I first encountered Go in a fairly improbable manner. When I was 8, there was a 10-year-old kid on the block who was immersing himself in all things Eastern. He was reading Herman Hesse novels, training Falcons and taught himself to play Go. He taught me and a few other kids on the street, but as you might imagine, we weren't good. My next experiences with Go were in college at UC Irvine, where there was a Go club composed mostly of computer science majors. None of them were strong Go players so I didn't improve much. In fact, I gave up the game for a few years after buying Tesuji by James Davies and finding out I couldn't do most of the problems. Later in life I have had the good fortune to befriend two stronger players who advanced my strength significantly. The first was Ace Barash, who lived in the cottage next to mine during my internship at San Joaquin General Hospital. He had studied the game for a year with Mark Okada in San Francisco before he went to medical school, going from beginner to 5 kyu. By the end of the year we were both upper kyu players. Upon moving to Davis I met Yoshi Sawada 4 Dan (then 2 Dan) who brought me up to Dan level and has continued to be my main playing buddy to this day. That was in 1981 when, if I'm suffering from delusions of grandeur, I started the Davis Go Club. It met at Mr. Nakamura's house during 1982. I have many fond memories of being cut topieces by Nob ("I got no diploma") Aoke, and Mr. ("just connect your stones, you can't lose") Nakamura and kindly old George Okamoto. I then moved to San Francisco and played in all SFGC's tournaments, improving to 3D, until I started having kids in '86. I was so busy with my four kids until last year that I hardly played at all. Often Yoshi and his wife would come over for dinner and we wouldn't even play a single game! Now that the last one is out of diapers, though, I am starting to play again regularly (with Yoshi and IGS [Internet Go Server]). I have lived in Elk Grove since '92 and work at Kaiser, South Sacramento, where there are unfortunately no Go players on the staff despite many of them being first generation Asian immigrants. In fact, the only other four Go players in Elk grove are my own kids.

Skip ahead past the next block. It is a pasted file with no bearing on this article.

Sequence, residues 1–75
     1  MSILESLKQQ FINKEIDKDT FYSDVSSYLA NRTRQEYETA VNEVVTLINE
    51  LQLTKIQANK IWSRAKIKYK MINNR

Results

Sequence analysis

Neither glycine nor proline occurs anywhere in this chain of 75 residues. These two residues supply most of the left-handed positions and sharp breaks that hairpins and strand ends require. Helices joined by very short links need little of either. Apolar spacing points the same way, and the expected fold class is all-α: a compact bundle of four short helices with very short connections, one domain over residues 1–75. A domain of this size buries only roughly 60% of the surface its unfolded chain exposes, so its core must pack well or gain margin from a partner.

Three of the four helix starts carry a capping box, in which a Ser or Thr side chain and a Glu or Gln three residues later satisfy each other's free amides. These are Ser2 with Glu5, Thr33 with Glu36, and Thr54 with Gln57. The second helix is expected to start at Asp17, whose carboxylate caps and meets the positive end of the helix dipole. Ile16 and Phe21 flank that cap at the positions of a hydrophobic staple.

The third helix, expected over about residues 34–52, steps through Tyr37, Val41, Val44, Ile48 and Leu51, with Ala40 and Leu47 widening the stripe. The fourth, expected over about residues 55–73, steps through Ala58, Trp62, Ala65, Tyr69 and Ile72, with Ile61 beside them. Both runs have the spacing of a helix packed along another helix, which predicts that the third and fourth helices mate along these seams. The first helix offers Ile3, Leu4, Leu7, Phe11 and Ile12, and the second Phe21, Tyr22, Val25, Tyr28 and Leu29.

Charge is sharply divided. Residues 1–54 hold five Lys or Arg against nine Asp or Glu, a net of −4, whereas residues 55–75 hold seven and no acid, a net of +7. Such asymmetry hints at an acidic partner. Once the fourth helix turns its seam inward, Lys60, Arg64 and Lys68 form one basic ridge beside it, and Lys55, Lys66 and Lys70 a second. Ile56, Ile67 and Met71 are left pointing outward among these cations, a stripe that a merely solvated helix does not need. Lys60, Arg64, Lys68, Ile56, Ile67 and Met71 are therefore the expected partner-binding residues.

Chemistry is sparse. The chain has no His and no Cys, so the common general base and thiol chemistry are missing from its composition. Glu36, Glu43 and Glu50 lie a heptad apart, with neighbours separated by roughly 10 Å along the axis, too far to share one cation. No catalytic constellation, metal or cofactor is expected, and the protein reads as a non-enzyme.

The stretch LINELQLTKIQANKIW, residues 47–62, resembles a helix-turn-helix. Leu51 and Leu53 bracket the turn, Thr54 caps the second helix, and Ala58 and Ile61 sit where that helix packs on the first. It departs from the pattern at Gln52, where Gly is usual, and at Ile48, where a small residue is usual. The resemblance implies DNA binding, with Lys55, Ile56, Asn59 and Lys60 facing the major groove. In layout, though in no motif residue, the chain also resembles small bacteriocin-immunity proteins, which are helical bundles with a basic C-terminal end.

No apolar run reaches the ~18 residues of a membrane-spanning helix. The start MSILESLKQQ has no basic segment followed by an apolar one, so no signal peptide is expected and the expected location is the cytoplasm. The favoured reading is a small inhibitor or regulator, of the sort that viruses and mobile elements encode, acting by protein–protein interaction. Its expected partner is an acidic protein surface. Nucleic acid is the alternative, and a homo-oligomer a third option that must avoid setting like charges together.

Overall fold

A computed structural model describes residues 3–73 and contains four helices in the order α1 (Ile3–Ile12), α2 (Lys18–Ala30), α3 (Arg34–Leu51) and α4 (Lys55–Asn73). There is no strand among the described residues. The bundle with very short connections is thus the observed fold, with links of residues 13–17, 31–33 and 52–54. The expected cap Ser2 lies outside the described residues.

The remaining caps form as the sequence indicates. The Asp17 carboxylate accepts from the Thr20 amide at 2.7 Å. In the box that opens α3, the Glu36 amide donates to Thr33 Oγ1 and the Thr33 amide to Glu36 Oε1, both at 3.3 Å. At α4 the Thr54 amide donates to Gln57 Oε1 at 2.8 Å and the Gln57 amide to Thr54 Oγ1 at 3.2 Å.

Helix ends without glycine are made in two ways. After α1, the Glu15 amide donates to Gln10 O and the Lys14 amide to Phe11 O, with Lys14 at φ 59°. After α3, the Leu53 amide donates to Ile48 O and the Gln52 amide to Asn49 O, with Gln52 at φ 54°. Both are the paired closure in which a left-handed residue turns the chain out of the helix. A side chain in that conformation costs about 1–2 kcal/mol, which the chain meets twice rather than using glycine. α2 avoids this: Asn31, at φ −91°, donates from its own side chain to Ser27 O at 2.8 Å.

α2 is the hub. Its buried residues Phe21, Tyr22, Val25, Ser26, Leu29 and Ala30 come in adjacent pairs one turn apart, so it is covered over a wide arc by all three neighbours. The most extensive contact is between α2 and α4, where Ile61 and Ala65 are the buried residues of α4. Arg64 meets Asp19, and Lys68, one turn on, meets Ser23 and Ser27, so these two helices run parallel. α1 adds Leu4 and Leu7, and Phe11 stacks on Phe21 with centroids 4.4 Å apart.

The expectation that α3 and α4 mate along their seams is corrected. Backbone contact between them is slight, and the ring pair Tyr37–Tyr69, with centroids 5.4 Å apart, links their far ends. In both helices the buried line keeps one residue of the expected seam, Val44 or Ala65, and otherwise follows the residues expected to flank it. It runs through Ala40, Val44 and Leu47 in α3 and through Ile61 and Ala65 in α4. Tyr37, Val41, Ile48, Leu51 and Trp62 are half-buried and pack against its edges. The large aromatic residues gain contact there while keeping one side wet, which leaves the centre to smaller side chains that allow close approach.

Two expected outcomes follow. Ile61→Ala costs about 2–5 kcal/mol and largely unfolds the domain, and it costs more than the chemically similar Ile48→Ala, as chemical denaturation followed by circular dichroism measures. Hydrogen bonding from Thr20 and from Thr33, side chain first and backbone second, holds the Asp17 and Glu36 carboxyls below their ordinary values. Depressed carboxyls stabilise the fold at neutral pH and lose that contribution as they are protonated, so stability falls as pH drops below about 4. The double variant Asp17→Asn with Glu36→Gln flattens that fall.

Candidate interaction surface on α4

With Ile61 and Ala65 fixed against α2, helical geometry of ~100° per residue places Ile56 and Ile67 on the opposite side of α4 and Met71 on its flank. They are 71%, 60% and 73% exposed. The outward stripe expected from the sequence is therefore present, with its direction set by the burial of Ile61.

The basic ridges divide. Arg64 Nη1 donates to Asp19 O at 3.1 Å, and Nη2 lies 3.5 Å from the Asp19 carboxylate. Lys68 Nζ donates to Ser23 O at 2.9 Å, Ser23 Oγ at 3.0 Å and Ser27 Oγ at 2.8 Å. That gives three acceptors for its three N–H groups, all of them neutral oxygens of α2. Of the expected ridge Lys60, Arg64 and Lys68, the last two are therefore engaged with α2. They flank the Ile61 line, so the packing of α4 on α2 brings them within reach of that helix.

(Editorial note: Yours truly [Berkenkotter] was also a player in the '81-'82 Davis Go Club. When Steve left for San Francisco, the local place to play was at the Sacramento Asian Center, run by George Okamoto. The Center closed in 1987 (42 years after its establishment in 1945) and for many months thereafter play was sporadic at best. The mounting frustration made it a pleasure to get the D/SGC started (or restarted) in 1988.)
Since the inception of the D/SGC I have made decisions pretty much on my own, but as our numbers have grown I have relied on input from you. What I would like to do now is establish a committee of four to whom you can give your views and ideas and which in turn will act. For now I am appointing Will Haynes, Tom Corbett, Peter Kent and myself as our club committee. We will also be the four Tournament Directors for our tournaments in 1997. Please feel free to give us your ideas about club policy.
The year was a hard one because of the shift to two new tournament locations; but it worked pretty well, and we're looking forward to a "hot" '97 season. Regarding simuls: if we are able to reserve the Yolo Davis Library during library hours, it is free of charge; but getting a master player lined up two months in advance is very hard. We will try for it, however.
An admonition: this is not a time to get complacent about getting new members (a couple of local clubs can so attest). We do a lot of things right, but I have never figured out why our membership has good inflow to offset departures. I think visibility has a lot to do with it. Anyway, I guess the message is: support your local Go club.
Modified last on November 14, 1997 by Jeff Newmiller.